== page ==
So, you've finished your last exams, completed your final paper(s), and still managed to apply to several jobs amid all the chaos. Now you are making the final preparations — taking graduation photos, sending out invitations, or applying for even MORE jobs. The day you've been waiting for endlessly has finally arrived, and as you turn the tassel, walk across the stage, and go to sleep that night you realize you're finally a college graduate.
However, for many individuals, the reality of the months leading up to graduating is nerve-wracking and pushes the mental health boundaries beyond limits. The endless amount of assignments all seem to have the same due date, the rejection emails from jobs/internships seem to be piling up, you realize you are about to graduate with no job, or you have a job secured, and you are about to relocate. Regardless of what the circumstances are a new norm is unfolding and the transition to full-fledged adulthood is unavoidable.
Considering all of these factors unfolding simultaneously and post-college depression being a reality for many, here are some tips to prep and handle the post-college transition.
1. Restructure and Organize Your Life for Your New Norm.
Now that college is not in the picture anymore; this means your life schedule is going to shift. The time you wake up, go to sleep, eat, and even workout may alter. However, to avoid losing a sense of structure to your daily routine, try to make a new schedule. Whether you choose to organize with a planner or the calendar on your phone, finding some order in the midst of your transition can help bring a sense of stability along the way.
2. Avoid Comparing Your New Norm to Others on Social Media.
While you are adjusting to this new norm be mindful of what you see on social media. It is apparent that people mostly post the good that going on in their lives, and comparing your transition to your peers can evoke a sense of FOMO (Fear of Missing Out); especially if you aren't where you'd like to be on your journey. Just keep in mind that in reality you are probably not missing out on anything and not everything is as it appears on social media. Just stay focused on your individual growth and progress.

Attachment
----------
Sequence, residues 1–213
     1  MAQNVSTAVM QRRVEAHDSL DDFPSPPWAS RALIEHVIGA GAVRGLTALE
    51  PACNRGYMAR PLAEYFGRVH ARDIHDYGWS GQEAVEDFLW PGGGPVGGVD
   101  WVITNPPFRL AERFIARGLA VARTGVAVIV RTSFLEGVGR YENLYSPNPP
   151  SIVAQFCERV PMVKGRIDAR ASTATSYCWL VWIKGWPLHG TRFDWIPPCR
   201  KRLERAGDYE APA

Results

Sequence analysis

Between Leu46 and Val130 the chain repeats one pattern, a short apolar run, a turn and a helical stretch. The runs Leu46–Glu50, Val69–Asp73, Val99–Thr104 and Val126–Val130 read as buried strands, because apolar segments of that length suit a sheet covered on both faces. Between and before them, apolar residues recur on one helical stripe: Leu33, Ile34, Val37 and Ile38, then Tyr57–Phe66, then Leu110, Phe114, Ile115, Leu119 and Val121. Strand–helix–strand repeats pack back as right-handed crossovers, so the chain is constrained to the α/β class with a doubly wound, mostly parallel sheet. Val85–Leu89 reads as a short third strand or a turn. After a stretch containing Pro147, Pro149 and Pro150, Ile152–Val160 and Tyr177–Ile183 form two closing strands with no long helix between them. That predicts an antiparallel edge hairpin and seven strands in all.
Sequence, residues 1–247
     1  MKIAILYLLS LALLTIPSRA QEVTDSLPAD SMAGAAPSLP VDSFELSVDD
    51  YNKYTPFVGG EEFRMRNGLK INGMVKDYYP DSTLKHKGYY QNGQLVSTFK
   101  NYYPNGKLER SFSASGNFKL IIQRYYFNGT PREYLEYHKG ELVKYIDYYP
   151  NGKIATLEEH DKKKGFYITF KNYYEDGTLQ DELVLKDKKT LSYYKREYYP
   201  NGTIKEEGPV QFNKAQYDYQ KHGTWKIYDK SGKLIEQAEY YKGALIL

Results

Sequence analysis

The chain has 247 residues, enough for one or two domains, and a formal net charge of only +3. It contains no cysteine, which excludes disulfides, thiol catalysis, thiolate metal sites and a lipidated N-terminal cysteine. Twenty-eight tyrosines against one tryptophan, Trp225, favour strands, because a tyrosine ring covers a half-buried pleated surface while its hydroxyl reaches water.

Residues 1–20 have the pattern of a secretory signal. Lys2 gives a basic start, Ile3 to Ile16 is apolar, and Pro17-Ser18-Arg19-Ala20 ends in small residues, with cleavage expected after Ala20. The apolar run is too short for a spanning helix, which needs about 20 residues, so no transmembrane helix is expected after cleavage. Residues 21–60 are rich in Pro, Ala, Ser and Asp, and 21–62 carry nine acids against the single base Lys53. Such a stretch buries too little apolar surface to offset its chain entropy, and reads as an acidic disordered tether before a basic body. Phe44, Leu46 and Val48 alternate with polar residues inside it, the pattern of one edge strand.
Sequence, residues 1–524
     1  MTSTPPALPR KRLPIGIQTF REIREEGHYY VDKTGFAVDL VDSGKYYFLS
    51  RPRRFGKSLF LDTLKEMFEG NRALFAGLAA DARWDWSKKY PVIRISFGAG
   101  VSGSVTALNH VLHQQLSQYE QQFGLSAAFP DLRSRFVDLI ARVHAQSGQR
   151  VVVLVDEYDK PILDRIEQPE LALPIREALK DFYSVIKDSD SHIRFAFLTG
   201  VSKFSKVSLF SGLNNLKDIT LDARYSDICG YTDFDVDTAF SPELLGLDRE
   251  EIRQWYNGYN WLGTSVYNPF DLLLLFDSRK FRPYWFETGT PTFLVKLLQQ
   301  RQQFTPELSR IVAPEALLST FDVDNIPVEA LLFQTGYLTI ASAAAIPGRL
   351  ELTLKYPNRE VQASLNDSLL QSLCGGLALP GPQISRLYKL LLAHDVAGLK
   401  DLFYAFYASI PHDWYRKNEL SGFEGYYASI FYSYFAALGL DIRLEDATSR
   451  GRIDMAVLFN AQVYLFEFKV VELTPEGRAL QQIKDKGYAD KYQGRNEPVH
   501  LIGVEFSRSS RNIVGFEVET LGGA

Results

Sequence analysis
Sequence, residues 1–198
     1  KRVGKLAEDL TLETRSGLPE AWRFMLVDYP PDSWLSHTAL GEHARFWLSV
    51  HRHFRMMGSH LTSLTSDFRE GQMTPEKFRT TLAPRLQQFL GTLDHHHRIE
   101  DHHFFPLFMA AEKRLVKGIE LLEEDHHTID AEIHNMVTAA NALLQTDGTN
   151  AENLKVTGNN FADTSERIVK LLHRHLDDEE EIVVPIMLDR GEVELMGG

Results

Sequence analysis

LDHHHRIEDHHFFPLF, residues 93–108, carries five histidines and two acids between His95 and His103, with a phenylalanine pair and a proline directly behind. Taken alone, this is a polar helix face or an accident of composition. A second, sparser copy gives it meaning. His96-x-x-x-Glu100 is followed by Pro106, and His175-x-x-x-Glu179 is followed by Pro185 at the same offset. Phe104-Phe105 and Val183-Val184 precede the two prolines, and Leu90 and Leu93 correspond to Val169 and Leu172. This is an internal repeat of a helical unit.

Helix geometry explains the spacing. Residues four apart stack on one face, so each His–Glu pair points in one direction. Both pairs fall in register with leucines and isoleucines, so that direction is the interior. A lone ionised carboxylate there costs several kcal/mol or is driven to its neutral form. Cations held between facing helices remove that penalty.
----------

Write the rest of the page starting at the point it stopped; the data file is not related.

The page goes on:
3. Have a Positive Outlook and Don't Give Up.
Mindset and perspective are everything. The way you choose to look at your situation, yourself, and your future is what will either make or break you at any point during your journey. If your post-graduate life is not what you expected; that is okay! Do not doubt yourself or all the hard work you've done to obtain your degree. Readjust your outlook to seek and spot opportunities along the way, and encourage yourself. If doubt or lack of motivation begins to set further in, remind yourself of what you are capable of and don't hesitate to reach out to loved ones for support along the way.
4. Continue Learning and Making Smart Decisions.
Just because you are no longer in school, does not mean you should stop obtaining knowledge. Life can be a journey of continuous learning but in a good way. You have even more time to learn new skills, hobbies, or anything on your professional/personal development without having to worry about a grade being attached. Learning during this new phase is solely for your benefit and can aid in making necessary adult decisions.
5. Set Professional, Personal, and Financial Goals
Lastly, whether you graduate happy, with a job and no loans OR indifferent, jobless, and swimming in debt; becoming stagnant or comfortable in your new norm is a possibility. Granted there is nothing wrong with being comfortable; however, if you are aiming to grow and further evolve; setting goals is critical. Setting professional goals could range anywhere from updating your resume to taking steps to get your dream promotion. Personal goals can vary from becoming a black belt to reading more books. Financial goals can range anywhere from paying off student loans to starting a business. Regardless of where you a fall on the spectrum to get there, you have to be willing to embrace change.
Graduating from college is a significant life transition, and not having it all figured out is perfectly fine. Ultimately, being hard on yourself only makes the transition less smooth and leaves you doubting your new norm. However, just like every other transitional period...is just a period; it isn't forever. With some preparation, the time allotted for yourself, and having a positive outlook on the journey ahead; you may look forward to what's next.